Literature Board Games
Gary Brooks, high school teacher
Students create board games based on materials they have read. This works best for mythology or adventure text, but could work well with other types of literature as well.
- colored pens
- construction paper
- glue/rubber cement
- some form of board material, tag board or poster board
- After reading the text of choice, students are directed to create the story in board game format. I have used this for years with Beowulf.
- I have students work in small groups so they learn cooperative work skills.
- Students are directed to use as many elements from the story as possible.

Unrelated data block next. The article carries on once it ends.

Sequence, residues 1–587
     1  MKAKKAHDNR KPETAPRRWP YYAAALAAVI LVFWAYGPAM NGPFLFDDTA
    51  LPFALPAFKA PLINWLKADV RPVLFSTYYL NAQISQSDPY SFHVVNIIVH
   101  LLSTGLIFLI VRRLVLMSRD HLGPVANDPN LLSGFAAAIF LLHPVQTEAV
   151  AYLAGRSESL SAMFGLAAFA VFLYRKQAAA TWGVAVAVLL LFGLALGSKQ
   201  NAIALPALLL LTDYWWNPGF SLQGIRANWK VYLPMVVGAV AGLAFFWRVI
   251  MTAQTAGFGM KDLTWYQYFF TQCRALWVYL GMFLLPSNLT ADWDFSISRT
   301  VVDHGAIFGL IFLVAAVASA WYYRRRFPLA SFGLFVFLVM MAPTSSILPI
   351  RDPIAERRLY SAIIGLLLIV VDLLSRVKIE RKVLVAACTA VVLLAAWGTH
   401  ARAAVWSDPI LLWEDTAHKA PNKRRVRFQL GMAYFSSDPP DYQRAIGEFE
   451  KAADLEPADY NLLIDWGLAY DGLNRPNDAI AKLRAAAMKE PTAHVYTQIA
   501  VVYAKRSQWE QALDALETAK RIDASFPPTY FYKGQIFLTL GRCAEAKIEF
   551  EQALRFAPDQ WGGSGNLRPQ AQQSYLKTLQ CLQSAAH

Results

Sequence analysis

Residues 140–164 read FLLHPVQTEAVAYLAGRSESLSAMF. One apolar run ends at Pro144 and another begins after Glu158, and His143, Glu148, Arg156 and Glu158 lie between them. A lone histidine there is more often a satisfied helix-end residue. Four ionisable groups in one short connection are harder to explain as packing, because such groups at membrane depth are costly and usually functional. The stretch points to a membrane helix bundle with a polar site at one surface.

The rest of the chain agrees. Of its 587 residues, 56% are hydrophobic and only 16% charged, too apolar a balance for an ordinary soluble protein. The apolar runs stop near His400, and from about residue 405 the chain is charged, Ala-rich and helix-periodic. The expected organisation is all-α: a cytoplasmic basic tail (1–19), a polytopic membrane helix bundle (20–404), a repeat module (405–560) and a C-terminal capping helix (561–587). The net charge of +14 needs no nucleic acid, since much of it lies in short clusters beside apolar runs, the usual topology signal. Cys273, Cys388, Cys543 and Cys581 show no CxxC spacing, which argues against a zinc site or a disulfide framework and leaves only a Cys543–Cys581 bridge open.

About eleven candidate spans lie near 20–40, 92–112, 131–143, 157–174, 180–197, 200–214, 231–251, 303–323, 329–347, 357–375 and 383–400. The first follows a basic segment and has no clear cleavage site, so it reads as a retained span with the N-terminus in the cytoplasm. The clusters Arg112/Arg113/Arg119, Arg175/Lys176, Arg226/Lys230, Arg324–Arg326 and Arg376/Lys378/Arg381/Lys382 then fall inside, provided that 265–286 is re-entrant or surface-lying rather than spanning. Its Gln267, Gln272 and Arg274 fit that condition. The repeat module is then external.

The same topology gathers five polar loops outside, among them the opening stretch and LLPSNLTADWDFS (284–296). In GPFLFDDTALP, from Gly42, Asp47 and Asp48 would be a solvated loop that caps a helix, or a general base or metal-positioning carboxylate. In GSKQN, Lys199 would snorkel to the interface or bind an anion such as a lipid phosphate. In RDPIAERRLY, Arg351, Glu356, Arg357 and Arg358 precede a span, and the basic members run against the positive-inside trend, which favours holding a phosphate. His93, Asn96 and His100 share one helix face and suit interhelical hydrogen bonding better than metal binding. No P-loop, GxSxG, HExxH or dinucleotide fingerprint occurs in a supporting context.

- They generally use all of Beowulf's adventures (sometimes the add adventures), and they are to use as many other aspects of the story as possible. Bragging, kennings, the exchange of treasures, long journeys, and so on are used by most game creators. I ask them not to merely copy a famous game they have seen or played, but to be creative. They often borrow ideas from a selection of other games. Many include penalty cards for cowardice or losing in a battle. You can place as many restrictions as needed on the directions.
- We then play the games. Students evaluate each other
based on visual appeal, difficulty of the game, the challenge presented, and whether or not each builder included all the elements assigned. I watch as the groups play and do the final evaluation.
Students learn a great deal about the text, cooperative work, evaluating fairly, and how to think creatively.
Copyright 1999 by Gary Brooks. All Rights Reserved.